I am insolvent, will I be declared bankrupt?

Summary: This article explains the implications of being insolvent and possible solutions that could avoid the need for bankruptcy.

Insolvency is when an individual or a business has debt that outweighs the total value of any assets. In the case of an individual, an indicator of insolvency could be if their monthly income is no longer sufficient to cover the monthly repayments on debt and essential living expenses. When an individual falls into arrears with debt repayments or mortgage, it is possible that the creditor(s) could petition for bankruptcy. However, this is not always the only outcome. It is vital to seek advice, ideally before it gets to this stage, and a reputable, licensed money advisor may be able to suggest an alternative.

Individual Voluntary Arrangement (IVA)

An IVA is aimed at those who have unsecured debt in the region of £10,000 - £15,000 (cases vary on an individual basis) and who are insolvent (i.e. their income is no longer sufficient to cover essential expenditure and debt repayments). In order for an IVA to be implemented, creditors of at least 75% of the value of the total debt must agree to the IVA proposal. If agreed, the individual would be required to repay an affordable monthly amount for a set period of time (usually 5 years), after which time, any outstanding debts will usually be cleared. Not all debt can be included (mortgages and student loans for example) and so it is important to seek advice.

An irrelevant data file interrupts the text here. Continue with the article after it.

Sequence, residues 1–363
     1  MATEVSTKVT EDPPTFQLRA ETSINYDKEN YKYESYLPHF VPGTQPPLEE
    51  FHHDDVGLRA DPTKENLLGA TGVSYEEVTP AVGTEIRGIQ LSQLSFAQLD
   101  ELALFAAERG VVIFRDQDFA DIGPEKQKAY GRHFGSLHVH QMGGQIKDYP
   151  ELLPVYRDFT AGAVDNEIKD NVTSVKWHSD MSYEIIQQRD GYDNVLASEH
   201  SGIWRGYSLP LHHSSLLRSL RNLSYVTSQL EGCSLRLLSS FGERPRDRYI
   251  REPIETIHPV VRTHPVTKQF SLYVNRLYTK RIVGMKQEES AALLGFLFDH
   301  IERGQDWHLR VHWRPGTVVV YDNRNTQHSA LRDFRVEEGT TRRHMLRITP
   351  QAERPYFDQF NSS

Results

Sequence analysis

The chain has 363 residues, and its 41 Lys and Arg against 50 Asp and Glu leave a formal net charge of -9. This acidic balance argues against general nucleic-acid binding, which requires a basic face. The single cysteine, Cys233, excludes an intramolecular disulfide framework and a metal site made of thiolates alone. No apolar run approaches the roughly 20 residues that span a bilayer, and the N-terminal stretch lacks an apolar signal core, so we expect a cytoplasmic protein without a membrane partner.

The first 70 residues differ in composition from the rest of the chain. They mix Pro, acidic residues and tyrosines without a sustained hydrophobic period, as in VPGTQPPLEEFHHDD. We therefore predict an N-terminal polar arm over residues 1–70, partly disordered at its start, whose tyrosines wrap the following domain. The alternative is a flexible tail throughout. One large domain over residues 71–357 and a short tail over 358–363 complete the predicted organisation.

Debt Relief Order (DRO)

DROs are aimed at those on a low income (less than £50 a month left after essential expenditure such as rent and bills), with up to £15,000 of unsecured debt. Once the order is in place, no further payments to creditors are made by the debtor and it lasts for 12 months. If at the end of this period, the individuals financial circumstances have not changed, then the debt is cleared. There are a number of restrictions imposed on an individual undergoing a DRO, so as always, advice should be sought.

Debt Management Plan (DMP)

Unlike an IVA or DRO, an individual considering a DMP does not have to be insolvent, nor is it a legally binding agreement. In a similar way to an IVA, an informal agreement is reached with all the creditors to pay a lower monthly amount. Often a third party will negotiate on behalf of the individual, and so an affordable fixed monthly amount will be paid, and split between all the creditors. Unlike an IVA, where the debt will be cleared after usually 5 years, with a DMP, the creditors still expect to regain all of the outstanding debt, so the repayment plan could increase the overall time it takes to clear the debt.

As will always be recommended, anyone who feels they are in, or approaching financial difficulties, it is vital to seek advice immediately.